will grow back,

and whatever they snatch from the thieves

will not fit in their places.

Whoever hears of this will immediately become a thief

as some tired thieves

become policemen.


some are policemen,

some are thieves.

Translated from the Kannada by Christopher Merrill

  S. Diwakar is an award-winning Kannada poet and fiction writer. He lives in Madras


Love Story

On his first train journey in London he falls in love with a beautiful girl with black hair and blue eyes. While he is lost in his thoughts about the nationality of the girl and the ways to approach a new girl in a new place, the love story comes to a jerky ending when the girl gets down at a station called Euston. He continues his journey thinking how stupid his thoughts were. On his arrival at the destination he meets his friends. The friends treat him with good Indian food; discuss mundane things. Later in the evening when he is returning to his place he takes a train in which he occupies the same seat that he took in the morning. He even wonders if it was the same train and same compartment that he travelled in the morning. As the train moves in the underground piercing the darkness, a flash of bright light wakes him up to reality. The reality is the Euston station with large flashy advertising banners and loud music from a street Guitarist. While the doors of the train open to commuters to exit and enter, his small eyes widen with a great expectation. Through the rush of passengers entering and exiting the train he moves hither thither expecting a miracle.

And it was a miracle.The girl from the morning train, with the same black hair and blue eyes is back in the same train, same compartment. Strangely she sits at the same seat which she occupied in the morning. He is once again lost in his thoughts about the nationality of the girl and the ways to approach a new girl in a new place. More than anything he is excited about this coincidence, but only for a short while. As the train reaches Maidenhead, the place where he lives, he exits from the train with a heavy heart and the love story comes to a jerky ending twice in a single day.

One day. One train. One girl. One heart but twice broken. As he walks out of the railway station he walks towards his flat thinking how stupid he was.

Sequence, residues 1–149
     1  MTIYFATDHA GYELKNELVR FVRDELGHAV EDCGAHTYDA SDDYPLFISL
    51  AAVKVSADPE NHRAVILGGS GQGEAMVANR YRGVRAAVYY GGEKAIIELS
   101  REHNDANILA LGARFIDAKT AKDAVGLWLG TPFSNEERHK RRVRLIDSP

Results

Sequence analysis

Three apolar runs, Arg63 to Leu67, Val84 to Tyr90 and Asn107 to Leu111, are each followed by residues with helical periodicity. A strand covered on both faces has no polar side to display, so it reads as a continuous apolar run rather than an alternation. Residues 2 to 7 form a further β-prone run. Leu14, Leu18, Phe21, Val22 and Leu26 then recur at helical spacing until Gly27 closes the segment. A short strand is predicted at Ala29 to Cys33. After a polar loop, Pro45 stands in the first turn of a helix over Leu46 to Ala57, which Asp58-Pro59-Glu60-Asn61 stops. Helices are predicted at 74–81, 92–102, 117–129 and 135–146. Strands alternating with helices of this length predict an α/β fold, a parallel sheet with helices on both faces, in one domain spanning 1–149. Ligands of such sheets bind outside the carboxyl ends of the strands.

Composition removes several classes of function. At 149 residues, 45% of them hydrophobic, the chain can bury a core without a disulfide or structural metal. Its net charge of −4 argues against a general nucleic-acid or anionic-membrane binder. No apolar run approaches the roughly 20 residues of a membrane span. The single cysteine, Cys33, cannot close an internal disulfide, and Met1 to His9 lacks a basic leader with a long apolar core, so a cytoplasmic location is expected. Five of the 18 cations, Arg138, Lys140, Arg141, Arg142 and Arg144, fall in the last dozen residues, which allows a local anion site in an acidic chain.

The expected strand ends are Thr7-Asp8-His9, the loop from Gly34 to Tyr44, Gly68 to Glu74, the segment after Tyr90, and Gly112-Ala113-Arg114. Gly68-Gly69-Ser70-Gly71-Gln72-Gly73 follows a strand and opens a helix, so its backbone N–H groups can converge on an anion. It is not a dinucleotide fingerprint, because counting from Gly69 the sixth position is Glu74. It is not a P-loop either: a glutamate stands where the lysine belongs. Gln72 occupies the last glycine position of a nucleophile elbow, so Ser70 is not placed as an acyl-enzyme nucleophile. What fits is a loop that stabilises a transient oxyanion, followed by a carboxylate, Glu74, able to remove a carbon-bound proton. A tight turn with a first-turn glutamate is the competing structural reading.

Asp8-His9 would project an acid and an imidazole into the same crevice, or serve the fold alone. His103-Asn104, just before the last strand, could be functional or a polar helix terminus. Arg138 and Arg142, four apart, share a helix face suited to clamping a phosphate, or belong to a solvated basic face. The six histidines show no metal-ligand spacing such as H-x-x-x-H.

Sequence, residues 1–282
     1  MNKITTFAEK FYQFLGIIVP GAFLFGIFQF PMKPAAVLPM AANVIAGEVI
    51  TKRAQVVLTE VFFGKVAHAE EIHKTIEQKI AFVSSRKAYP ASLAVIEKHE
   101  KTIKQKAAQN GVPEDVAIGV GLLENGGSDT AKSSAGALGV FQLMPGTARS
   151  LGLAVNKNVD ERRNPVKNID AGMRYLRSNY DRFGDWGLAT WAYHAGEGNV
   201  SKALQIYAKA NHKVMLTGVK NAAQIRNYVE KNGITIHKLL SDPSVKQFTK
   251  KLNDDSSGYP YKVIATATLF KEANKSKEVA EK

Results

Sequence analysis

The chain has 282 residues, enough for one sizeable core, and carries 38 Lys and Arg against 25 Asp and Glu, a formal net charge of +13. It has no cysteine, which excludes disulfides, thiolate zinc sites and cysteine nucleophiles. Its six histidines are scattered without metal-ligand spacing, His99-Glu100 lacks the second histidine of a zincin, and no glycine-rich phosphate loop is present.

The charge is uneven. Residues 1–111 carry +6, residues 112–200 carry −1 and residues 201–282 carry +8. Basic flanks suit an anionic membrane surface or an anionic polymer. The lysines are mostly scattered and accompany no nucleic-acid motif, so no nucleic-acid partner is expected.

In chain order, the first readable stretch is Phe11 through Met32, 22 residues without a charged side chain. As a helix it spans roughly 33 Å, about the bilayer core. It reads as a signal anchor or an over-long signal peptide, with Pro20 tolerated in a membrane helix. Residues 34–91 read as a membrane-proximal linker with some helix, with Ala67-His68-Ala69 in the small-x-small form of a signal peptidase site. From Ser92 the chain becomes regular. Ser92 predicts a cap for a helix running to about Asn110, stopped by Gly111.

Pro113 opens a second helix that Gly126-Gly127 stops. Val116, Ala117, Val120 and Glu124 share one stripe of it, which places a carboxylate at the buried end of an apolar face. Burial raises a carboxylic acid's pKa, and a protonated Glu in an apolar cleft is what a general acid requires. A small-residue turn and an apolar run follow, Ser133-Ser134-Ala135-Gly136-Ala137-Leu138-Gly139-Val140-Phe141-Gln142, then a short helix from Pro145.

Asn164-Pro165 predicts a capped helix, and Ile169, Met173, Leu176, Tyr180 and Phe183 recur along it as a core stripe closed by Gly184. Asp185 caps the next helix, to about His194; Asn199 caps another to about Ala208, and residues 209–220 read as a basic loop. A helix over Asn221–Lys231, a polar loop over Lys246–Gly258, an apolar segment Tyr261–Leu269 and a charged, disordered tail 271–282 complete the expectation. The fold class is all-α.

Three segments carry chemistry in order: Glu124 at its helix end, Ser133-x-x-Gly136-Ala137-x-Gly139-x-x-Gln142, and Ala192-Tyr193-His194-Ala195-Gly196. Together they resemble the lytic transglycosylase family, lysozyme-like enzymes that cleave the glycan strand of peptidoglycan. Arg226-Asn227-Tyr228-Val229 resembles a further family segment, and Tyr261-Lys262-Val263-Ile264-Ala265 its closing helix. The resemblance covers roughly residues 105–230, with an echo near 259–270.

Life was a collapsed illusion
He was a witness to the disorder
Life was a war with the soul
He was a defeated soldier

Life was an unmeaning sentence
He was a person ordering words around
Life was a street with out light
He was a dark shadow in the dark

Life was a sad truth
He was an ambiguous lie
Life was a demanding logic
He was an illogical bedlamite

Life was a journey to where the end begins
He was a lonely traveller; a dead man walking
Life was a Walk through the oblivion
He was a nobody who disappeared into a poem


Blog publishing from word.

Wednesday, September 28, 2005

I have always felt isolated. I believe that any good artist feels isolated. And I must think and I beg your pardon for taking the liberty of believing this: if someone wants to direct a film, he must think he is good. A good artist should be isolated. If he isn't isolated, something is wrong.
 Posted by Picasa


Blossoming lotus
The Unclean water beneath
Purity exists Posted by Picasa


The Balachandar Story

Confessions of a dangerous mind

"We confess our little faults to persuade people that we have no large ones."
- Francois de La Rochefoucauld

Tuesday, September 27, 2005


…the chance of a man's finding his own Vindication, or some perfidious version of his own, can be calculated to be zero.
—Jorge Luis Borges, “The Library of Babel”

Monday, September 26, 2005


It is nobler to declare oneself wrong than to insist on being right - especially when one is right.
- Friedrich Nietzsche
Whenever you find that you are on the side of the majority, it is time to reform.
- Mark Twain